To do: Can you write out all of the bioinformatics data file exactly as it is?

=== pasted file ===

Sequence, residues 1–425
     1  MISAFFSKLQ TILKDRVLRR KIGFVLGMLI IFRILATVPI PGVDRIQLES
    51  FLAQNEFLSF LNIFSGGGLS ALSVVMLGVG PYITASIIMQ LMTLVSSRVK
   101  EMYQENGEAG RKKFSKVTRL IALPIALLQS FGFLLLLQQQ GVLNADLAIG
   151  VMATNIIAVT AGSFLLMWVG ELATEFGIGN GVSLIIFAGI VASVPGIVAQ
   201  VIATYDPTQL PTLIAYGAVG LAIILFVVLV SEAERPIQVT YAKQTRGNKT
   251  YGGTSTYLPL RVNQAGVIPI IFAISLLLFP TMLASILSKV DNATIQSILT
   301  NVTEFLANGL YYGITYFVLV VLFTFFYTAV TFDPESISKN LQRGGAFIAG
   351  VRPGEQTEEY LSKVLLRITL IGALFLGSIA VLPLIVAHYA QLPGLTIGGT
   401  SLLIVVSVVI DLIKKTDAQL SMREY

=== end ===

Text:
Sequence, residues 1–425
     1  MISAFFSKLQ TILKDRVLRR KIGFVLGMLI IFRILATVPI PGVDRIQLES
    51  FLAQNEFLSF LNIFSGGGLS ALSVVMLGVG PYITASIIMQ LMTLVSSRVK
   101  EMYQENGEAG RKKFSKVTRL IALPIALLQS FGFLLLLQQQ GVLNADLAIG
   151  VMATNIIAVT AGSFLLMWVG ELATEFGIGN GVSLIIFAGI VASVPGIVAQ
   201  VIATYDPTQL PTLIAYGAVG LAIILFVVLV SEAERPIQVT YAKQTRGNKT
   251  YGGTSTYLPL RVNQAGVIPI IFAISLLLFP TMLASILSKV DNATIQSILT
   301  NVTEFLANGL YYGITYFVLV VLFTFFYTAV TFDPESISKN LQRGGAFIAG
   351  VRPGEQTEEY LSKVLLRITL IGALFLGSIA VLPLIVAHYA QLPGLTIGGT
   401  SLLIVVSVVI DLIKKTDAQL SMREY